Stroke: Do Not Give Time

Stroke symptoms include impaired speech, blurred vision, numbness on one side of the body, or sudden, severe headaches, stiffness of tongue. The medication helps to restore blood flow to the brain by breaking up the clots. The affected person can receive Activase (alteplase, also known as tissue plasminogen activator or TPA), only if he begins the treatment within three hours after their stroke symptoms start and only after they have had a scan to rule out bleeding in the brain.

Ben Hockridge, a paramedic by profession, was on duty when he observe a strain in the back of his head. “I was unable to speak and my speech was slurred and the right side of my body was frail,” he told. He already knew that he was having a stroke. “I told my co-worker to get me to the hospital as soon as possible and I needed Activase.” He urges his colleague to call 911 and get to the nearest stroke center or, if there isn’t one nearby, an emergency room, immediately at the first signs of stroke.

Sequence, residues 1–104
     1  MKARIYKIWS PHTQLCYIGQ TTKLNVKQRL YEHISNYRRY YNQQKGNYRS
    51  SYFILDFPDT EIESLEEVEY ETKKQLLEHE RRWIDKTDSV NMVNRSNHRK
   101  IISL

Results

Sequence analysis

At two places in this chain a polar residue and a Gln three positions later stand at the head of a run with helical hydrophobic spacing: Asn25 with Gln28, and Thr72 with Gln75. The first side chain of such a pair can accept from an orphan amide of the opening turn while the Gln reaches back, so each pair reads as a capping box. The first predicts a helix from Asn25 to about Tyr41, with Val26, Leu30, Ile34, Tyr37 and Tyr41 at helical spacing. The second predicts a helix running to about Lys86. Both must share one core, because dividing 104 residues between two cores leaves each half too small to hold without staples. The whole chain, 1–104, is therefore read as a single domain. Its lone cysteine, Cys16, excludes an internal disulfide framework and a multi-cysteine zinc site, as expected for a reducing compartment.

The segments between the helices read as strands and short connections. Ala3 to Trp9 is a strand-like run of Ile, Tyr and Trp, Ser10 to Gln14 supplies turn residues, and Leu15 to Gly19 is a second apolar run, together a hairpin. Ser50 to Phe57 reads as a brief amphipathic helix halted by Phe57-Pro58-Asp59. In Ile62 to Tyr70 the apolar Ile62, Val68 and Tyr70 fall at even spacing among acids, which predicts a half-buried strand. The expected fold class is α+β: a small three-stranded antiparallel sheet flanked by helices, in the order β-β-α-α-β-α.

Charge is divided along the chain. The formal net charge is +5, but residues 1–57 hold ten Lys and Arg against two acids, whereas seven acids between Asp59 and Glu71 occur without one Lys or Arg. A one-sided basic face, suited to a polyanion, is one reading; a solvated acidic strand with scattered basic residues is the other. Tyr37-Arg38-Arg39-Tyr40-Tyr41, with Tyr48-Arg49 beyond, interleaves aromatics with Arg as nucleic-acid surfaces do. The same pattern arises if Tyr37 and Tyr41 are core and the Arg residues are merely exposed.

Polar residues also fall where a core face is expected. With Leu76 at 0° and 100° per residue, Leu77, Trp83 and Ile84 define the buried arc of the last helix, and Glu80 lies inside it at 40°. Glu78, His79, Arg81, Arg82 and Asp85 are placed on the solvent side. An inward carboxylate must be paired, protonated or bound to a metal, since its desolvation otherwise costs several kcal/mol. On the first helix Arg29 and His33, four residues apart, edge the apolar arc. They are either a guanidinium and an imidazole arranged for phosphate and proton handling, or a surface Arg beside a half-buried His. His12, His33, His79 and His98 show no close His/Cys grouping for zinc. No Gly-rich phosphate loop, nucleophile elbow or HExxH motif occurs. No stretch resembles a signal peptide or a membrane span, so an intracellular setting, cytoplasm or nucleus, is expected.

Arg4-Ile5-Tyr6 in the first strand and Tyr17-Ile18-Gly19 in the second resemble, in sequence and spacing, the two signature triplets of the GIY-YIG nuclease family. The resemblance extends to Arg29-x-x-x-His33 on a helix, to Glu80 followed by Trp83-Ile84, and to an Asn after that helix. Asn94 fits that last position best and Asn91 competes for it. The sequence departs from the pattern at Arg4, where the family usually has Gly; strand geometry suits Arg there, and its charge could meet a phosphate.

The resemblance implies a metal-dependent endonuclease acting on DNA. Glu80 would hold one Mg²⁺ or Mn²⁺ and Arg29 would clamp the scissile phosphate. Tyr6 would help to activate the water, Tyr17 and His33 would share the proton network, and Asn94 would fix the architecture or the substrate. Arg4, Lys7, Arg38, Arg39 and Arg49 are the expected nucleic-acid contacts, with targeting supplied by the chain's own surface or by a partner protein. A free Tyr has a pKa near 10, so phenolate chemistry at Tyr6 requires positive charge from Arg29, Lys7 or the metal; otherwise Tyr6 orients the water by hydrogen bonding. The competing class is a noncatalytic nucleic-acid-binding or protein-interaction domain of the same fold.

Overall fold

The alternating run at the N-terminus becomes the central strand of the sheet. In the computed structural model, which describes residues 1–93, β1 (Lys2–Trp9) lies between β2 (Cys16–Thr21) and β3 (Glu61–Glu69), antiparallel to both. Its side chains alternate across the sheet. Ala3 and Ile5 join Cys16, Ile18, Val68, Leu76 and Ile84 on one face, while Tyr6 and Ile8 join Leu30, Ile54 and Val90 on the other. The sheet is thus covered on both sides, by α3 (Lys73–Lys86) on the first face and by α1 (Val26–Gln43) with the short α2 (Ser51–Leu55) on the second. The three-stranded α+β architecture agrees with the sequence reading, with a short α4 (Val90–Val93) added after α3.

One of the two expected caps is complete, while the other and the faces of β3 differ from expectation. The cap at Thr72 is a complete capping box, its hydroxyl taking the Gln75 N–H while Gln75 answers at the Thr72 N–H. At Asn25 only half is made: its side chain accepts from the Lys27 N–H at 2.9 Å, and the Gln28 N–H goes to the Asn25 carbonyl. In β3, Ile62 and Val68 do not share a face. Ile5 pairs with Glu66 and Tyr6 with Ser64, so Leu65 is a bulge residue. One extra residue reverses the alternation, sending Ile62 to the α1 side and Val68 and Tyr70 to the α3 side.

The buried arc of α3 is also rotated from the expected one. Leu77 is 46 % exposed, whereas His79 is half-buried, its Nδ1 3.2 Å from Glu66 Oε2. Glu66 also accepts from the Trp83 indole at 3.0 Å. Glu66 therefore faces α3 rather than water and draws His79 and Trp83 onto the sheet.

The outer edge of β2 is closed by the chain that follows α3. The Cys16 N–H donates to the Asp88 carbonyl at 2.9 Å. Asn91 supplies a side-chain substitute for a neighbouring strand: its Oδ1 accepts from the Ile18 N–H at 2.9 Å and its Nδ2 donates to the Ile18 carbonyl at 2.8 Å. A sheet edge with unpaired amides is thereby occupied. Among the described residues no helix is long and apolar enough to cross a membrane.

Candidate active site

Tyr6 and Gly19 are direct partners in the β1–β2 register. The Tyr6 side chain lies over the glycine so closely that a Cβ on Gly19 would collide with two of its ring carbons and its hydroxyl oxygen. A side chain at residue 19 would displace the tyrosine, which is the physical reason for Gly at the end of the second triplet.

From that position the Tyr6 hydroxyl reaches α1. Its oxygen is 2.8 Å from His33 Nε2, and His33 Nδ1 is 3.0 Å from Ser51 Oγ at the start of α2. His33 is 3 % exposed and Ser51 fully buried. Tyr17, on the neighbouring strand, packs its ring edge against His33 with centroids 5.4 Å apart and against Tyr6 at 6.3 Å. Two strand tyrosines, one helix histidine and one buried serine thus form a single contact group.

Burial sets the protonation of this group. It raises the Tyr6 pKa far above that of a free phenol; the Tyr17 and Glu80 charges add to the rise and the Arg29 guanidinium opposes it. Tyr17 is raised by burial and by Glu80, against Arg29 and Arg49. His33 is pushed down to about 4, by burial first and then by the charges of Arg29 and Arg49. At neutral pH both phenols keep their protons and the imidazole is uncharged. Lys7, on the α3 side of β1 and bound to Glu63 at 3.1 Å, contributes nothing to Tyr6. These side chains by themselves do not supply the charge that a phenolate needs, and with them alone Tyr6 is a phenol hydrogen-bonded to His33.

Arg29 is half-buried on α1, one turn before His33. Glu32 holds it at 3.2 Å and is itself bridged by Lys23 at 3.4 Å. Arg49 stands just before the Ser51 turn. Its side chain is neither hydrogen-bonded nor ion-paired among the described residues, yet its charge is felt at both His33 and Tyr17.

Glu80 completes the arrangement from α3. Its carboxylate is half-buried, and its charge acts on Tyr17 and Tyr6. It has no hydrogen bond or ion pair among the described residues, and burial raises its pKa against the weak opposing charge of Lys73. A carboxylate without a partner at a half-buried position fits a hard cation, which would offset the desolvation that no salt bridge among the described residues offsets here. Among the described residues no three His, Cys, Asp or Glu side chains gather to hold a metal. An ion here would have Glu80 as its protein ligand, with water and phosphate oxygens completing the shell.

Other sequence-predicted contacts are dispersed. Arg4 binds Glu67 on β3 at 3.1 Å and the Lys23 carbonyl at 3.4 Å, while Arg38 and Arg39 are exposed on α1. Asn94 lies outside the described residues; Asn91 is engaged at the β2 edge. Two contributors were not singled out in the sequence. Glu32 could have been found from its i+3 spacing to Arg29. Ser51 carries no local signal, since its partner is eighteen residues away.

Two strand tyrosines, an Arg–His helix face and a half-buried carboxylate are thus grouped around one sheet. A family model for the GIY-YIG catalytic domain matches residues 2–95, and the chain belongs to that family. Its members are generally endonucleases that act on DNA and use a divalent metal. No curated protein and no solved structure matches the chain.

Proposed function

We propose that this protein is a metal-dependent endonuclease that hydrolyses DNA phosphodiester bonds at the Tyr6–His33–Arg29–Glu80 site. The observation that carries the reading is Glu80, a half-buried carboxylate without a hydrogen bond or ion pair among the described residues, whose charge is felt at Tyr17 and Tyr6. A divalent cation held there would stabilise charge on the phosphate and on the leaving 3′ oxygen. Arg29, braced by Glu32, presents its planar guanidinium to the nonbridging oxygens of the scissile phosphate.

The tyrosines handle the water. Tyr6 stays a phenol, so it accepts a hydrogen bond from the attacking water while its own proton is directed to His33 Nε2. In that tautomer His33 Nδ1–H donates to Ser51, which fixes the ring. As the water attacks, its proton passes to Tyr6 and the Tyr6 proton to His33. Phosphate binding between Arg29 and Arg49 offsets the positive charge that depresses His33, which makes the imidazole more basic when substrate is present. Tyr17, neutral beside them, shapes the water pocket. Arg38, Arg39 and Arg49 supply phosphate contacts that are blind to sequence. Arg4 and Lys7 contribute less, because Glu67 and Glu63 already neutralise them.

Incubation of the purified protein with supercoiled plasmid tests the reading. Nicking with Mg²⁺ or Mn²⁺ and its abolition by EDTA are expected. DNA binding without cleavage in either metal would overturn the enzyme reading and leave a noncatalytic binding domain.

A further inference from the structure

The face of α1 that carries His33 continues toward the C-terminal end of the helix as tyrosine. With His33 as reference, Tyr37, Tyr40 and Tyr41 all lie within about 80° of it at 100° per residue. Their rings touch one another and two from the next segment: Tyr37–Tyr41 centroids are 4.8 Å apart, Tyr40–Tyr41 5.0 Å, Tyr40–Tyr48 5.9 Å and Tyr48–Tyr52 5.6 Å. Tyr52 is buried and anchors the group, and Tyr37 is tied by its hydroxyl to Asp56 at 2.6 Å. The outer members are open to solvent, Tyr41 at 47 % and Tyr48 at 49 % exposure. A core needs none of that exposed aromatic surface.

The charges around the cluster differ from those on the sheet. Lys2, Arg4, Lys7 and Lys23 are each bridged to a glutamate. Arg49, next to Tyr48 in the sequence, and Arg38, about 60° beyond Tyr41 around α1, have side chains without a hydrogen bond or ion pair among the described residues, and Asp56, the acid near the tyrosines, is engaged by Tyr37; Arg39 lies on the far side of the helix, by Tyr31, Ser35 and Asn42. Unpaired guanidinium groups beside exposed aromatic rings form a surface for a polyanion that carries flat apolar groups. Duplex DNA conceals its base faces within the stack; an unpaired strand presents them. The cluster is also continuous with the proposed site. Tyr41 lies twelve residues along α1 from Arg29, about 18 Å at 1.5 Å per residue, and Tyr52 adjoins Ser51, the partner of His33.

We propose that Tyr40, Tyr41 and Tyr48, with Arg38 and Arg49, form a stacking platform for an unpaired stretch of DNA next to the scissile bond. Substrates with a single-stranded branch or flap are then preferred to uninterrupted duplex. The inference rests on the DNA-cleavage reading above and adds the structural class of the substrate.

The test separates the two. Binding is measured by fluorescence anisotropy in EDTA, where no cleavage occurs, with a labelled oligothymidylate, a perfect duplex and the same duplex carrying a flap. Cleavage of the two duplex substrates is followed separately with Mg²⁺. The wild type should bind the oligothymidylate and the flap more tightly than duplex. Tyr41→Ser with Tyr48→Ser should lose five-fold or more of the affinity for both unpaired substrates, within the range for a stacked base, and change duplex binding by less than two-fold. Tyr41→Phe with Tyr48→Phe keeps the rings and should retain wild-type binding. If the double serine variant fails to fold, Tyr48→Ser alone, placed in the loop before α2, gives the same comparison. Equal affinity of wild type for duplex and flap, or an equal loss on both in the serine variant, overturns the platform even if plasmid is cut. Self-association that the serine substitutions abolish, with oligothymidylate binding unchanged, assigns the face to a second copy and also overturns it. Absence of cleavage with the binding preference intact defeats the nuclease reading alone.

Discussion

Because the medication is a clot buster, the most common side effect is bleeding, including bleeding in the brain, this is called intracranial hemorrhage (ICH). Not all patients with acute ischemic stroke will be able to use Activase, including patients with recent or ongoing bleeding; recent (within three months) surgery or trauma or previous stroke; uncontrolled high blood pressure; or problems with blood clotting.